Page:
Bebop 1945-1950: Savoy Records

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Bebop 1945-1950: Savoy Records

February 17, 2021- Today's Bebop Era Topic: Savoy Records

Savoy Records was founded in Newark New Jersey in late 1942 by Herman Lubinsky. He was an early pioneer of community radio in Newark and decided to start his own record company to record jazz, blues and gospel.

The strike between the musicians union and the recording industry was underway when Lubinsky started Savoy but like a few other small independent companies, Savoy was able to work out a deal with the union to begin recording.

They did a few sessions in 1942 and 1943 and by 1944 began producing records with a number of swing era stars including Ben Webster, Lester Young, Hot Lips Page, Pete Brown and Tiny Grimes.

Things at Savoy began to change when Lubinsky hired Teddy Reig as a producer in 1945.

Reig had gotten involved in the music scene in New York at an early age by being a band boy for various leaders.  By the early forties he was a regular on 52nd Street and had evolved into somewhat of a street hustler.  One of his schemes got him busted and sent away to prison for nine months.  He got out in 1943 and headed back to the street where he produced the Trummy Young session for Continental that included Dizzy Gillespie and Charlie Parker. 

In 1945 he began to produce records for Savoy. His first few sessions were with established swing stars including Pete Brown, Ike Quebec, Charlie Ventura and Don Byas. At that point he decided to begin recording the young modern jazz musicians that were just coming on to the scene.  

His first bebop session was Dexter Gordon on October 30, 1945. His next was Charlie Parker’s first session as a leader that produced the classics Now’s the Time, Billie’s Bounce and Koko.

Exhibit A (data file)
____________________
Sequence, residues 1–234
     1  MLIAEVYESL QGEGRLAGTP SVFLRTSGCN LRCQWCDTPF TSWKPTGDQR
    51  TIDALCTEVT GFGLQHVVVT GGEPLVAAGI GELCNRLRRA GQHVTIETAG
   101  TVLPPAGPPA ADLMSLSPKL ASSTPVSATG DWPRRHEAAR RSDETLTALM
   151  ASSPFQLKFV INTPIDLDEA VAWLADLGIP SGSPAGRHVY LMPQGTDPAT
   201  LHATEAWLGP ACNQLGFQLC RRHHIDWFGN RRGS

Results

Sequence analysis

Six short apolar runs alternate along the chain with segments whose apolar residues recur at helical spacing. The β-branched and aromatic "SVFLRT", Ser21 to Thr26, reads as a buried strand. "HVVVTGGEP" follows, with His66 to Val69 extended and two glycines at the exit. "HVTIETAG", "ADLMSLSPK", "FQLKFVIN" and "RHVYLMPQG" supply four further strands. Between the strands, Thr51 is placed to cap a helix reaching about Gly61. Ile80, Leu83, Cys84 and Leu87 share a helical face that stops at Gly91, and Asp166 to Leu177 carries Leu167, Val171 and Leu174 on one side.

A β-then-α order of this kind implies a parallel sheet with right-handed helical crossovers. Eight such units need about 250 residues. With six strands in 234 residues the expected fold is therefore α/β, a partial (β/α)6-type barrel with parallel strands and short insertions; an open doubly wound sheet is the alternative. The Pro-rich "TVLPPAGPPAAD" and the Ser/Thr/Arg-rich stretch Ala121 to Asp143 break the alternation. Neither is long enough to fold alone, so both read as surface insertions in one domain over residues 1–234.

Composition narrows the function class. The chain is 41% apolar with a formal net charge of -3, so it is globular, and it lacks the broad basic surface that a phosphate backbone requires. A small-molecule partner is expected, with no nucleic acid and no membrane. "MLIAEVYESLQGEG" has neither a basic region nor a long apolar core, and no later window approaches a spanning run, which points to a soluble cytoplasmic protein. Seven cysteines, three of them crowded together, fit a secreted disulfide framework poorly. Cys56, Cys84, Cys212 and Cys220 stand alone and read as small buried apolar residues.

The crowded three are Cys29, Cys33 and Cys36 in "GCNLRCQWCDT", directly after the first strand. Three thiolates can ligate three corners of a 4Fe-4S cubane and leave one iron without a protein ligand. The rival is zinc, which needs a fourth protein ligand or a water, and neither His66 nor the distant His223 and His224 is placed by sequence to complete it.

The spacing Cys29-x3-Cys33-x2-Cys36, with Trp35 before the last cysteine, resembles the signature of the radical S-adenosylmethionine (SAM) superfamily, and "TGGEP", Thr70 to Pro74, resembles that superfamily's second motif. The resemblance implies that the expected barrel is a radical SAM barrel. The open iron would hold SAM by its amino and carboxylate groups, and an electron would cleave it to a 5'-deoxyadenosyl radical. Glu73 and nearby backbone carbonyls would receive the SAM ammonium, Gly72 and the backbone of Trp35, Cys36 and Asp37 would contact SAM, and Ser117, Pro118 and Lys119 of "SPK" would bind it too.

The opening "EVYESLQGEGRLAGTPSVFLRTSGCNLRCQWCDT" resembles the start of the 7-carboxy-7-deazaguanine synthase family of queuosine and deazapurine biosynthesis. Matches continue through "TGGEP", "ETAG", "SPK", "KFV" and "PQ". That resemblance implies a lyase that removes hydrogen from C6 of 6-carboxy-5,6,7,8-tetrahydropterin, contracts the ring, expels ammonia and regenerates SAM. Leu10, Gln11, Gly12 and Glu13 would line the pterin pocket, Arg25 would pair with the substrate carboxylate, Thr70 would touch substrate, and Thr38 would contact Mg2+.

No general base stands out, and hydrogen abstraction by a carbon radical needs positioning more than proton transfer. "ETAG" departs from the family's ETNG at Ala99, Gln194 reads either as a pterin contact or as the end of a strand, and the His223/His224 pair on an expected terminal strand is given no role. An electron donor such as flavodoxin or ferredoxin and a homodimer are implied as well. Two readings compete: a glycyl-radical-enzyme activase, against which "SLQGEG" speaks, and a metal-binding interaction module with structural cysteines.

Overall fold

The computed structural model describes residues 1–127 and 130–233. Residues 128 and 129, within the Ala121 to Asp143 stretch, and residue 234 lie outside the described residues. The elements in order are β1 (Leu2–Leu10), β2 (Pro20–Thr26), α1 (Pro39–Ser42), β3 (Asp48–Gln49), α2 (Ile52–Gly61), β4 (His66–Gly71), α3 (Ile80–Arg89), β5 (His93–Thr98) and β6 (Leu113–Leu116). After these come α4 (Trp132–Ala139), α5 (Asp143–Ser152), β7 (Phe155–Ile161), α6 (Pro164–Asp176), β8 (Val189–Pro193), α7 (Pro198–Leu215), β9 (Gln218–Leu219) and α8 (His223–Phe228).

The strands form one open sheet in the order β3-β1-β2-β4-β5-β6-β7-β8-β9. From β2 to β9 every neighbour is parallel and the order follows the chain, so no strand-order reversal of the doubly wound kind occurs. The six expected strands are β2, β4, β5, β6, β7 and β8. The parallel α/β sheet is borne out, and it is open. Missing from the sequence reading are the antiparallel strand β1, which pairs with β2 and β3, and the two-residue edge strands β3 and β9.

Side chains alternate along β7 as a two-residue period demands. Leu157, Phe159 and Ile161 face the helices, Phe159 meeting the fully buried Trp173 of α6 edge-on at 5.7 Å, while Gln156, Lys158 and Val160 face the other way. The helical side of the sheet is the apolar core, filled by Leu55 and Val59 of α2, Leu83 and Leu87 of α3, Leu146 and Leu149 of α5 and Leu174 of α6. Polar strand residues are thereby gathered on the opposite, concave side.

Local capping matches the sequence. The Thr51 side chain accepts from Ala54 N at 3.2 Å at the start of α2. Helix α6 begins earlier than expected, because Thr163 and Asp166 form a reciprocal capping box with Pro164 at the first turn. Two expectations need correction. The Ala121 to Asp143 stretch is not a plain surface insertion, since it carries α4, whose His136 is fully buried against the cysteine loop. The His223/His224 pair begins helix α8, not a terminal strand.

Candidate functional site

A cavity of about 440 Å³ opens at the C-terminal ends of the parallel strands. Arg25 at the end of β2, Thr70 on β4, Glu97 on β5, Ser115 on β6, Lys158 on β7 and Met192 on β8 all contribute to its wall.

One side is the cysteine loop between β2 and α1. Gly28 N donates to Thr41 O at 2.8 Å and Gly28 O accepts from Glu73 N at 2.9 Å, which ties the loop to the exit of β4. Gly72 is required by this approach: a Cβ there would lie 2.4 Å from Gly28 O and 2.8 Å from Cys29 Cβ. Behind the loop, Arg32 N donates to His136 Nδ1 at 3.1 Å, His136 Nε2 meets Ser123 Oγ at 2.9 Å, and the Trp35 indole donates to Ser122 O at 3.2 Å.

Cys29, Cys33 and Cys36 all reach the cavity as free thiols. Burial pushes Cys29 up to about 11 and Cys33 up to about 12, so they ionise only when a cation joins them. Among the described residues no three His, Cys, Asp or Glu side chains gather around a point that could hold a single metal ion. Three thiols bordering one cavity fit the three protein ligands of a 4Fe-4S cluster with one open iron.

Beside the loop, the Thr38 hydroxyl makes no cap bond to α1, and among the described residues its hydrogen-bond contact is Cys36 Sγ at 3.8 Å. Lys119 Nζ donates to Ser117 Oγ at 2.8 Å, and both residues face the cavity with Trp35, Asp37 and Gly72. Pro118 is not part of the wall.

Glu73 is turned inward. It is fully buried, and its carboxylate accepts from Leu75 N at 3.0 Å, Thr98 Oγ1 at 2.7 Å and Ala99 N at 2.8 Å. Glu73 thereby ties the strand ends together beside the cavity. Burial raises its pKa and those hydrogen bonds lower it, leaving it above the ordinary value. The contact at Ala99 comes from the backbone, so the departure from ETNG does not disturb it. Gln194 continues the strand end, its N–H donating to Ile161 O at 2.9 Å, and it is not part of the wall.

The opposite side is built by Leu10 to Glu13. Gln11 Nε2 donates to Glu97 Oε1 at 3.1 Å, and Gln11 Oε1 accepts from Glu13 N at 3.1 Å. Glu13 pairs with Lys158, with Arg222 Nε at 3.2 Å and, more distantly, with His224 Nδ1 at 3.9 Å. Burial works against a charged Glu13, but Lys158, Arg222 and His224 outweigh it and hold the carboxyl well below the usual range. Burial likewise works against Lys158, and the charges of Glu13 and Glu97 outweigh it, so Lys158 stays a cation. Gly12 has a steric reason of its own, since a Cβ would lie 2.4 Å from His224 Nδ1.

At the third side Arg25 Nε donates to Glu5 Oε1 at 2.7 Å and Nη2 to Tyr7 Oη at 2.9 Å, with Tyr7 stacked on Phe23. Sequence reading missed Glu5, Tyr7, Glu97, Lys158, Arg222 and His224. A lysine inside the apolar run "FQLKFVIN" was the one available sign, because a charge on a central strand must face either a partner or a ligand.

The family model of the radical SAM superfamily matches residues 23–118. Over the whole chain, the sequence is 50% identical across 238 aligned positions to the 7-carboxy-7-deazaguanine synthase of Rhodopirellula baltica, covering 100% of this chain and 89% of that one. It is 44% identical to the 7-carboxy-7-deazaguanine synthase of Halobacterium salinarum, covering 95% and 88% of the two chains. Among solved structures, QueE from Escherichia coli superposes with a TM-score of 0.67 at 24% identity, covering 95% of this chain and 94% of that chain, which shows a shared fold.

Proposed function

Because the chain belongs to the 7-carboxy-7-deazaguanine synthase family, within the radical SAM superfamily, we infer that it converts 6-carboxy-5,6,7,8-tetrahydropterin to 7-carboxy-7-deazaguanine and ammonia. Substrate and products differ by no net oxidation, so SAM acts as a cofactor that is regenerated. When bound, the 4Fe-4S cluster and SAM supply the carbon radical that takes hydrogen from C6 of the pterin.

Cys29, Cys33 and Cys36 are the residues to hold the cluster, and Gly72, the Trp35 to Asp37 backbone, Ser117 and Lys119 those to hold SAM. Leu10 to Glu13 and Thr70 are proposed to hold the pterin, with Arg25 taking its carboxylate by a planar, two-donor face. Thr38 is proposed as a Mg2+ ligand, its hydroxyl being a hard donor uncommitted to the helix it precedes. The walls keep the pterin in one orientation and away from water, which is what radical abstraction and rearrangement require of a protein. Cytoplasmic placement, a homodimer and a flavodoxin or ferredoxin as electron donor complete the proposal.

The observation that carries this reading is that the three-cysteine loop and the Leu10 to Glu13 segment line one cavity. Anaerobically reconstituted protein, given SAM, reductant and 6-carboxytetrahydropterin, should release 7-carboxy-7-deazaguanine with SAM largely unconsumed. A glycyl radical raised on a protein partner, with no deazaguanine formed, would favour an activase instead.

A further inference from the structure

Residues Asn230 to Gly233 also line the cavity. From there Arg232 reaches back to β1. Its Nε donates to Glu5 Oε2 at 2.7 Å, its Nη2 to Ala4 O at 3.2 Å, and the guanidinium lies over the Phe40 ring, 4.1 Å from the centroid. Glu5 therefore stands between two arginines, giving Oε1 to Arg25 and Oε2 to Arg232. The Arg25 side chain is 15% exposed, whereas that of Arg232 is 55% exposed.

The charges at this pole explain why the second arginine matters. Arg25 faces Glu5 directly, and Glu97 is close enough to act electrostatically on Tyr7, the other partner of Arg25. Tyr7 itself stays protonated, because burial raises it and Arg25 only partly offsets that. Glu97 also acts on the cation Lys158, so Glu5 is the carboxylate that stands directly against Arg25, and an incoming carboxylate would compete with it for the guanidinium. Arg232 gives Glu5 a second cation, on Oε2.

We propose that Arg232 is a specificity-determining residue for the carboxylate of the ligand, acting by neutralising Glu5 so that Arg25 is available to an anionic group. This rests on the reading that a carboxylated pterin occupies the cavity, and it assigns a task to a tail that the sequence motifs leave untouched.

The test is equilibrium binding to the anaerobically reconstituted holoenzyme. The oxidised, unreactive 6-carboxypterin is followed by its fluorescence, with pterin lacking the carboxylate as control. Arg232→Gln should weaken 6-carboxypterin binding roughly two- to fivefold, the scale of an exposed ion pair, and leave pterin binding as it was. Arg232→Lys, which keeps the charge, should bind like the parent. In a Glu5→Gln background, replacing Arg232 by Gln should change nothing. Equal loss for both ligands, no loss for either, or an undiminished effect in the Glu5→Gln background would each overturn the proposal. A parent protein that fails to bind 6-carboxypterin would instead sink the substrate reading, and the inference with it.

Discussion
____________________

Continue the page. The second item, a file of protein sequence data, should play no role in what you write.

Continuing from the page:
In 1946 he recorded leader dates with Dexter Gordon, Allen Eager, J.J. Johnson, Sonny Stitt, Kenny Dorham, Fats Navarro, Gil Fuller, Ray Brown and Eddie Lockjaw Davis.

In 1947 he continued to record the artists just mentioned and also added Serge Chaloff, Kenny Hagood, Leo Parker and Tadd Dameron. Also, Charlie Parker returned to New York from California and recorded more classic dates for Savoy.

Although he didn’t record for Savoy as a leader, Bud Powell was the pianist on a number of sessions and they feature some of his finest work. 

On the West Coast, Ralph Bass began producing modern jazz musicians for Savoy, most notably Roy Porter’s Big Band.  Bass also leased some sessions to Savoy including the Elk’s Auditorium concert that included Dexter Gordon and Wardell Gray.

Reig continued recording modern jazz in 1948 and 49 but he was also recording lots of rhythm and blues during this period.  Johnny Otis was handling the R and B dates on the west coast.  Hits like Hal Singer’s Cornbread and Paul Williams Hucklebuck convinced Lubinsky to forget bebop and focus more attention on the bigger selling rhythm and blues.

The 1945-49 Bebop dates done for Savoy are extremely important because it was one of the only record labels that documented modern jazz in its infancy. 

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